Dean Gray – American Edit

by Jon Mandle on December 13, 2005

Go read about Warner Brothers’ attempt to shut down a non-commercial mashup of Greenday’s “American Idiot” album. Then go listen to it while you still can. All I can say is that there are a lot of very talented people with a lot of time on their hands – amazing stuff.

A little more on Tookie Williams

by Chris Bertram on December 13, 2005

It doesn’t shock me that Tookie Williams was refused clemency. It saddens me, as do all such executions, but it doesn’t shock me. I can even see things from Schwarzenegger’s point of view: the courts have had their say, the process has come to an end, and the state has determined what the penalty should be. It is difficult for an elected official to use his personal discretion at the last moment. But I “was shocked to read”:,0,4494420.story?coll=la-home-headlines , among Schwarzenegger’s justifications for his refusal, the following:

In addition to arguing that Williams’ continued claims of innocence should be counted against him, the governor made a point of quoting the dedication of Williams’ 1998 book “Life in Prison.”

In the dedication, Williams named 11 people, all of whom had been imprisoned or in custody. Among them were Nelson Mandela, the South African anti-apartheid leader; Malcolm X, the black nationalist leader assassinated in 1965; and Angela Davis, the black Marxist professor acquitted of murder charges in 1972.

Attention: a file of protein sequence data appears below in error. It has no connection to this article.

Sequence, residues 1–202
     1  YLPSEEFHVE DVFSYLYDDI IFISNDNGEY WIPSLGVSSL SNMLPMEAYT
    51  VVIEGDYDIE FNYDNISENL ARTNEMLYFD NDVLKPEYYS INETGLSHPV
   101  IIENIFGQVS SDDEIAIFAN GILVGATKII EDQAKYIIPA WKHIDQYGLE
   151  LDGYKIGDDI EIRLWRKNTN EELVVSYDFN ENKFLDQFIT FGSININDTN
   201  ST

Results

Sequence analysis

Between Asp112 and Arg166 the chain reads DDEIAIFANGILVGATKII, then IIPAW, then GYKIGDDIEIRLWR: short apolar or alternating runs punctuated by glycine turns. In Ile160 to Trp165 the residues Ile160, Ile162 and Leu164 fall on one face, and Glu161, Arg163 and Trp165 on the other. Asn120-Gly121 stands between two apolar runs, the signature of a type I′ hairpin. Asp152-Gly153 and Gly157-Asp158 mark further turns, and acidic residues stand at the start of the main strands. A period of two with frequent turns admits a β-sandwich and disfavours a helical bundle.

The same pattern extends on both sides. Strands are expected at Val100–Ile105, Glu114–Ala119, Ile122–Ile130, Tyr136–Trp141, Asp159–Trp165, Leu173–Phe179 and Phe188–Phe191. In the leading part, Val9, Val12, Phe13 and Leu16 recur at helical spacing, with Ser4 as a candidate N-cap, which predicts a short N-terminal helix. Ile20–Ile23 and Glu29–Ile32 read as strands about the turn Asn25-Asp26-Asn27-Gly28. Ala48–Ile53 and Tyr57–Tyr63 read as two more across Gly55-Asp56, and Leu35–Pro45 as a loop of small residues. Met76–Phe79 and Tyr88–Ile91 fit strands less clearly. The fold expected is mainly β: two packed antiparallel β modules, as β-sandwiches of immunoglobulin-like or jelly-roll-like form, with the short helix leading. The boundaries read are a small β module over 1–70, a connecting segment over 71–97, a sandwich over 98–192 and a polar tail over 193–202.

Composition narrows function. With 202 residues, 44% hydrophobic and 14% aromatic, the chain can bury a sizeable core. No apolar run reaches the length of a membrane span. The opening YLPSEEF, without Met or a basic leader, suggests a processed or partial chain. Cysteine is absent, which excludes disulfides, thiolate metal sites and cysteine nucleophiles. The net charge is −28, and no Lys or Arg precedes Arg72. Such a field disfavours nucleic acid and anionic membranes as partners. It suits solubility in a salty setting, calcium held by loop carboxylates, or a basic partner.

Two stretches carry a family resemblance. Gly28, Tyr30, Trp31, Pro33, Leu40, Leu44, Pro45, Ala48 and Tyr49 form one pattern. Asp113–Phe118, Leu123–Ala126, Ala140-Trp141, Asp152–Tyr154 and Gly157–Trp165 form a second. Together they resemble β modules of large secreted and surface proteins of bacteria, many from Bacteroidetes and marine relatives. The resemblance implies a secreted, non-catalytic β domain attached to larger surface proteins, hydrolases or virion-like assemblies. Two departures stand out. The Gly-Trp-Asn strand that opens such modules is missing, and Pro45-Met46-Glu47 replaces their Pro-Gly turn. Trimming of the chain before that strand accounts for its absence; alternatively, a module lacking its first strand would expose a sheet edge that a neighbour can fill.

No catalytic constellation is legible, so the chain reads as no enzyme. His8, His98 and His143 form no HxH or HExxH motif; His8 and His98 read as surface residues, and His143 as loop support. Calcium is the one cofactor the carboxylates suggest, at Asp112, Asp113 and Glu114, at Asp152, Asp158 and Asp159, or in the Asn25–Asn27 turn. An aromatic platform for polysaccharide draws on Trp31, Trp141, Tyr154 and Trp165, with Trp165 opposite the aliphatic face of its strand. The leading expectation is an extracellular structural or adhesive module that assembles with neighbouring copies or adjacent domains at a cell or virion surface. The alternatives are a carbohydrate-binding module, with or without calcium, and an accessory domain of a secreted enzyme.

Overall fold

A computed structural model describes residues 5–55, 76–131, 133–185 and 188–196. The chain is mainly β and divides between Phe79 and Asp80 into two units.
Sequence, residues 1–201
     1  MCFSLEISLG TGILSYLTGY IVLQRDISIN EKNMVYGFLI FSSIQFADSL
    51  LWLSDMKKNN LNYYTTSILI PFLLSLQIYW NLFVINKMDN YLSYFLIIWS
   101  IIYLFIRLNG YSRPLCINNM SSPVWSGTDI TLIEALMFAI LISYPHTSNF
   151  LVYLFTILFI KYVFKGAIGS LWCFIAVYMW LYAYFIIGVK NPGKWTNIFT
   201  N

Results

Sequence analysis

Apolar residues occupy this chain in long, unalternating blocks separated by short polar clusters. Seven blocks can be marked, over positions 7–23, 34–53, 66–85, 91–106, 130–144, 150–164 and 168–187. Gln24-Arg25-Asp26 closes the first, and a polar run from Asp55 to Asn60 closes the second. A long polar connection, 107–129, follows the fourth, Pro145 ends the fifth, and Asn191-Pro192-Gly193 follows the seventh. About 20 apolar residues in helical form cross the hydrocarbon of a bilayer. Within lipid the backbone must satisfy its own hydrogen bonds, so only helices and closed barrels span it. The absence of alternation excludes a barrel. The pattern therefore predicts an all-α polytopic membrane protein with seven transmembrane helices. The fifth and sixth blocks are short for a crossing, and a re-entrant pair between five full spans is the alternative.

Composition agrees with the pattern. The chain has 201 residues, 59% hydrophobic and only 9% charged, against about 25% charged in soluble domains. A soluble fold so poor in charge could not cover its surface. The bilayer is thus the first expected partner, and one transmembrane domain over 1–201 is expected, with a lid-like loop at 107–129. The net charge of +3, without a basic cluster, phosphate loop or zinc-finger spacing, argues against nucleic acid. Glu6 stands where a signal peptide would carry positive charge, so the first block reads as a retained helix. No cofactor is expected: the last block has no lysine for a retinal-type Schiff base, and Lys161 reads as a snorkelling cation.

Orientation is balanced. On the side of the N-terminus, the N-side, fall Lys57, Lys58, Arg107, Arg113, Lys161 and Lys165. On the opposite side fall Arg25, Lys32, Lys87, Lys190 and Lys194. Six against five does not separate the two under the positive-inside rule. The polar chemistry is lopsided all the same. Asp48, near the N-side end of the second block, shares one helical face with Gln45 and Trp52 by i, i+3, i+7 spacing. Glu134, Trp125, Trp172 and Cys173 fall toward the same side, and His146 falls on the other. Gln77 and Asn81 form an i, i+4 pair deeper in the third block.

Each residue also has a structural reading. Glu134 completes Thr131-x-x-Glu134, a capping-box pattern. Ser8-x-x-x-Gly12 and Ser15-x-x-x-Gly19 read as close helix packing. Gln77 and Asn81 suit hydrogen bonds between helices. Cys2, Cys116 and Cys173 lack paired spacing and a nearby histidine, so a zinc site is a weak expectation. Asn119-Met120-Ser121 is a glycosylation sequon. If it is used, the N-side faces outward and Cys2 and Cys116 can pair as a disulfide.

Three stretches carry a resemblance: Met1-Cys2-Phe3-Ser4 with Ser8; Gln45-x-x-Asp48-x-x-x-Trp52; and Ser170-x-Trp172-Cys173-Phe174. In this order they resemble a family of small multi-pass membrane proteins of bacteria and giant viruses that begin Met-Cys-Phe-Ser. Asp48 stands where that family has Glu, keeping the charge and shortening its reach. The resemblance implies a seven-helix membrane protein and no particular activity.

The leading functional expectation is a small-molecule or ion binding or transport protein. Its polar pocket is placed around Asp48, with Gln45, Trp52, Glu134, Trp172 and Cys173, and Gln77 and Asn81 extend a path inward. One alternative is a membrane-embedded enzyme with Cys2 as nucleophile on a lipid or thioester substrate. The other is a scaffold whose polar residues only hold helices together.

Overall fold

Schwarzenegger and his aides focused on one name on the list — George Jackson, the author of “Soledad Brother,” a book about life in prison. Jackson was “gunned down on the upper yard at San Quentin Prison” on Aug. 21, 1971, in a “foiled escape attempt on a day of unparalleled violence in the prison that left three officers and three inmates dead,” Schwarzenegger said.

“The inclusion of George Jackson on this list defies reason and is a significant indicator that Williams is not reformed and that he still sees violence and lawlessness as a legitimate means to address societal problems,” the governor said.

I posted a while ago about the British government’s plans to criminalize statements “glorifying terrorism”. Here it seems that if it tipped the balance of Schwarzenegger’s decision, Williams’s dedication of a book to a controversial historical figure, may have cost him his life. A book dedication hardly amounts to an endorsement of all of a person’s attitudes and actions anyway. What can Schwarzenegger have been thinking in including this in his statement?